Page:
But what if the Economist has a point? Considering how complicated the advocates have made the system, perhaps only a lawyer can get us out of the mess. Perhaps a business executive will not know enough about the intricacies of government bureaucracy to untangle the system.

Perhaps the real lesson of the election will be that our next president should be: Gov. Chris Christie.


Chuck Pelto said...

TO: Dr. Schneiderman, et al.
RE: As Ambrose Beirce Put It....

....Lawyer, n., One skilled at circumventing the law. -- Ambrose Beirce, The Devil's Dictionary

And HE was RIGHT! And that was in the 19th Century.

Seems like the problems has been exasperated since then.

If we put 'lawyers' into political power, all we get is more and more 'full-time employment' for their ilk.


[The first thing we must do when we come into power is kill all the lawyers. -- William Shakespeare, Richard III]

Chuck Pelto said...

P.S. The father-in-law reports Beirce's observation as accurate. He remembers HIS father—an attorney at law—confirming it. He apparently spent much of his time figuring out ways to get 'around' various laws.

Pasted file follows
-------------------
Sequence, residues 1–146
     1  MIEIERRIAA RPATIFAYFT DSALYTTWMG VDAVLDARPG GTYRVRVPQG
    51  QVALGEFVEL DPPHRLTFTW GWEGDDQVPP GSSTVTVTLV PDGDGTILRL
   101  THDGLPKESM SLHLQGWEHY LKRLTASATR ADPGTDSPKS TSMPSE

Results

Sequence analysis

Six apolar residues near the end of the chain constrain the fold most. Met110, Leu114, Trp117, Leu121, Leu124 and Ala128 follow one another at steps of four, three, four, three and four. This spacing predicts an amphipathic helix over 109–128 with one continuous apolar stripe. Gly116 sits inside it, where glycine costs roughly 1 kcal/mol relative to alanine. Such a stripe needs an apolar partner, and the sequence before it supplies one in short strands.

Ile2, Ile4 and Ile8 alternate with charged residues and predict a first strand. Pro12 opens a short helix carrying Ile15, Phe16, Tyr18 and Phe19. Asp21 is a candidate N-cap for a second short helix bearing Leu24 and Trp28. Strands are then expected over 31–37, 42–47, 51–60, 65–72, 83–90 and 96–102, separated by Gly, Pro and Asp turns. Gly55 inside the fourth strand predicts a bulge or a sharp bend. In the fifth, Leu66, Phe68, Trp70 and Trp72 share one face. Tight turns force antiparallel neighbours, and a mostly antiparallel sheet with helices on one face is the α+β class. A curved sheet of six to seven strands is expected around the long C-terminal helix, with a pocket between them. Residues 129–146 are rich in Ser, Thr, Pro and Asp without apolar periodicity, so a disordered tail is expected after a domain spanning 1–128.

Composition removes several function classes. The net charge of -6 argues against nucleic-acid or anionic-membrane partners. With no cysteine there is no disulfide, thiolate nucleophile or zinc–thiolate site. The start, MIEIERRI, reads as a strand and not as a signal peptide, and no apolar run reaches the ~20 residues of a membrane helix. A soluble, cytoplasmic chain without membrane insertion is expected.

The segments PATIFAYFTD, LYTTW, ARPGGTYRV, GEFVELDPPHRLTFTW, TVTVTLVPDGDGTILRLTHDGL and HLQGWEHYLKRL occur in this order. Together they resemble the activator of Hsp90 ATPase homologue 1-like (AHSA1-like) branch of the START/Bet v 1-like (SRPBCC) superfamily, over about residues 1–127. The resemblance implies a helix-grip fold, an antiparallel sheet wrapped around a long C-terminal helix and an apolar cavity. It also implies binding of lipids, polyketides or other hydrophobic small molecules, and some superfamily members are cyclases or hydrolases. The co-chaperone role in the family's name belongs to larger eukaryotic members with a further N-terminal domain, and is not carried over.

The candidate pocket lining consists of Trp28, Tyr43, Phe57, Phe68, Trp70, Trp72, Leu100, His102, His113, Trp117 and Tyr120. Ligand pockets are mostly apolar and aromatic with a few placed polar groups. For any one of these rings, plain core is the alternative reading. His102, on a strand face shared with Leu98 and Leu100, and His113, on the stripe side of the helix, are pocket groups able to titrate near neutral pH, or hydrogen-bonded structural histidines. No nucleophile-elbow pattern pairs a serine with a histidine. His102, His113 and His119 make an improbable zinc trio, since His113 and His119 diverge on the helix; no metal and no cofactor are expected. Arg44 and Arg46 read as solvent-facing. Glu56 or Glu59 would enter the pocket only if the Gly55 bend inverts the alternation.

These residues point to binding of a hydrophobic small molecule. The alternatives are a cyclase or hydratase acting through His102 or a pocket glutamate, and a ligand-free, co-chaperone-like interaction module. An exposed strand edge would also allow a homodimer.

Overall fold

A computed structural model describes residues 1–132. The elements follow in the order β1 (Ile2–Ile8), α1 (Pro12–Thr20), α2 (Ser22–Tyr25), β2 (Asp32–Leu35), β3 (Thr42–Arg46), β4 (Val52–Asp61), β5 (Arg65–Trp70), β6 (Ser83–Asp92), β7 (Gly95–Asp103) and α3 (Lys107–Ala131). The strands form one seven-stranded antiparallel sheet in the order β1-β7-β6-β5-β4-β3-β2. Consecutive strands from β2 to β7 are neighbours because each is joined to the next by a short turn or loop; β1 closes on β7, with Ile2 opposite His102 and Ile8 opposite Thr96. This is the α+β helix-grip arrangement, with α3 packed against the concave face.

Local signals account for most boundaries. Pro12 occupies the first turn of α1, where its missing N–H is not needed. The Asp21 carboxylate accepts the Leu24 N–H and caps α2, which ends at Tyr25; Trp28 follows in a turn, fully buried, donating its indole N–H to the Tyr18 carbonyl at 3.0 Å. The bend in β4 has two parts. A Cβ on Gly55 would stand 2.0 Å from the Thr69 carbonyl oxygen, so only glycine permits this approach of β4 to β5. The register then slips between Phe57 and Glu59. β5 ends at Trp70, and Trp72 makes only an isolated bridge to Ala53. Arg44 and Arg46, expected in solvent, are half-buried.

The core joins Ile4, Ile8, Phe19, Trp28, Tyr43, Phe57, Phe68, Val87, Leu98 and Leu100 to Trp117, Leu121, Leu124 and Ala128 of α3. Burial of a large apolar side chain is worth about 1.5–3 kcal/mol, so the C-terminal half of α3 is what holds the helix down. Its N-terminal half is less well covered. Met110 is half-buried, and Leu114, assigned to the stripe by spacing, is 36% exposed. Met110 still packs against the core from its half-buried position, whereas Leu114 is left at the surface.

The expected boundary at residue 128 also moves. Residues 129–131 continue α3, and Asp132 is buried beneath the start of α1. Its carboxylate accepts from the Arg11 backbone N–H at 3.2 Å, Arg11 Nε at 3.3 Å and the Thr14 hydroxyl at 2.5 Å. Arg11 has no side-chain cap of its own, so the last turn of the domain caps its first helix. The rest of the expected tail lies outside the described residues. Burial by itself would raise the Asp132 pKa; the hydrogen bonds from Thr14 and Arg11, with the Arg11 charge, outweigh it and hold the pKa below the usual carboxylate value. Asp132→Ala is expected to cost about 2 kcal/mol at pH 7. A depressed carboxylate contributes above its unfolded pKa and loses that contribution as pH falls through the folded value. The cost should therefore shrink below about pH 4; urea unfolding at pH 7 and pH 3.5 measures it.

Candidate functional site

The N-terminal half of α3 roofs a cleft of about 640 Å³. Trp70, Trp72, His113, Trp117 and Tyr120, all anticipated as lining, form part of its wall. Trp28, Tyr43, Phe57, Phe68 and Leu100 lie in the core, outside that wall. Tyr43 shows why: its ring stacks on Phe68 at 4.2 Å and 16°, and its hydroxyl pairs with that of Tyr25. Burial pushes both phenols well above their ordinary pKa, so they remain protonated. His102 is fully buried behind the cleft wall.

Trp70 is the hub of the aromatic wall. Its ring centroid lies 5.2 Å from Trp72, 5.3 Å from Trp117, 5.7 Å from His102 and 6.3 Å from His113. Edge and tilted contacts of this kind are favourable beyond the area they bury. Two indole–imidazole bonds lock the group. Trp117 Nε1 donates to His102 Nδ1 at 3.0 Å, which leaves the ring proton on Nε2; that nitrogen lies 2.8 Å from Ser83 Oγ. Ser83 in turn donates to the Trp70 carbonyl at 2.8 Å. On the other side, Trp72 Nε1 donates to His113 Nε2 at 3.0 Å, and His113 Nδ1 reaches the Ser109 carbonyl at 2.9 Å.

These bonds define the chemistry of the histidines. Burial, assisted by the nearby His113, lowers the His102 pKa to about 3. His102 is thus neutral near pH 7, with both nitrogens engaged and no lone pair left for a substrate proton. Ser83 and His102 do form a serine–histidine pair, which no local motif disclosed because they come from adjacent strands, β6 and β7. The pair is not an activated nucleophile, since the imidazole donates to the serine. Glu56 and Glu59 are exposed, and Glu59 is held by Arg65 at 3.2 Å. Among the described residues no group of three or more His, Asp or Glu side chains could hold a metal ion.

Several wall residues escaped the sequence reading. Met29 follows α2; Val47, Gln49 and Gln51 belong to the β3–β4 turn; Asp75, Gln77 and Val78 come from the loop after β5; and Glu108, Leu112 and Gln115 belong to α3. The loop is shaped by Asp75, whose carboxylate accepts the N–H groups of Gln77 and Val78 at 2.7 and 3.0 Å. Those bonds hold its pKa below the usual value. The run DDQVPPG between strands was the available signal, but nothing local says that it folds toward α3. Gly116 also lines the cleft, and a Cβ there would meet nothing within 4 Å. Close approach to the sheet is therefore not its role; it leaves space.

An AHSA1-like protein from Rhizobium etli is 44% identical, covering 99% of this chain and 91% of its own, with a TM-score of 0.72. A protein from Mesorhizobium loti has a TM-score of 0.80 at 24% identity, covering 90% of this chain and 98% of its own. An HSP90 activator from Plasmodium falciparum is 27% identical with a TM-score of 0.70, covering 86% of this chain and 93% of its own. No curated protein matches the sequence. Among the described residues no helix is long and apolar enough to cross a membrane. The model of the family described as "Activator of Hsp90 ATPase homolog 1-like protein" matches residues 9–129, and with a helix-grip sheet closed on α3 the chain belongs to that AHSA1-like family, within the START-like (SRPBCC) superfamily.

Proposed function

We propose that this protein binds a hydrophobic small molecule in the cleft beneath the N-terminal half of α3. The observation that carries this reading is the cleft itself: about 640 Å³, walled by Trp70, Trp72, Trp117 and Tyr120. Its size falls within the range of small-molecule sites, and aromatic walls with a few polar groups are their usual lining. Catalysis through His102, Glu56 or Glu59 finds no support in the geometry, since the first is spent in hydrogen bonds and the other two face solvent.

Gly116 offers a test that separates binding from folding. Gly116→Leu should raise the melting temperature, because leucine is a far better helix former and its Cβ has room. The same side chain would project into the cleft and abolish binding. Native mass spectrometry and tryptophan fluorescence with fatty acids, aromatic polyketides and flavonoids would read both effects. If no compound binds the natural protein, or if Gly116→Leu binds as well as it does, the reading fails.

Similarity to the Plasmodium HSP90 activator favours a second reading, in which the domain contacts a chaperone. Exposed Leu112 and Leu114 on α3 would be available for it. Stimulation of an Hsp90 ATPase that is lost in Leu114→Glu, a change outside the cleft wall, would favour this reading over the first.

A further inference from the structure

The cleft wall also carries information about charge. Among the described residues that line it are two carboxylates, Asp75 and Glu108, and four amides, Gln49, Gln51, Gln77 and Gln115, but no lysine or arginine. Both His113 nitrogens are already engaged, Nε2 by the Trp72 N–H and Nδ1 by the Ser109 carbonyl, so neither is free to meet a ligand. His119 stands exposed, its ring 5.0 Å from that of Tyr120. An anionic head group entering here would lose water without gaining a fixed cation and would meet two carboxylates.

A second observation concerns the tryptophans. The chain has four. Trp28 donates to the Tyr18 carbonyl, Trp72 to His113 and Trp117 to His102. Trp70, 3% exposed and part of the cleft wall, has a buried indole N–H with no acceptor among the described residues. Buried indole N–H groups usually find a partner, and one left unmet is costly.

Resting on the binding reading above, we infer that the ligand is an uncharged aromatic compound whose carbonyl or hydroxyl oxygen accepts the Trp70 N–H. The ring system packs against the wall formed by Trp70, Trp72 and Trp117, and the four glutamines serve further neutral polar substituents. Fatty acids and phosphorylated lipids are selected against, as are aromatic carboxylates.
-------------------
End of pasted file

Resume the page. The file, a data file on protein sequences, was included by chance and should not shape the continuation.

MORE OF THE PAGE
Stuart Schneiderman said...

I don't want to sound like too much of a pedant, but, in a past life I taught Shakespeare, so, please permit me to point out that the wonderful quote that Chuck cites is from: Henry VI, part 2, Act 4.

Chuck Pelto said...

TO: Dr. Schneiderman
RE: Gratefully....

....the wonderful quote that Chuck cites is from: Henry VI, part 2, Act 4. -- Stuart Schneiderman, Shakespearian expert



[A reproof entereth more into a wise man than an hundred stripes into a fool. -- Pr 17:10]

Chuck Pelto said...


....don't get me started on Obama and his 'plan' for America. And I thank God that I'm no longer under the UCMJ, as I'd surely be brought up on charges of sedition.

[Seditiooon! Sedition!
Seditiooon! Sedition! -- Topol (paraphrased)]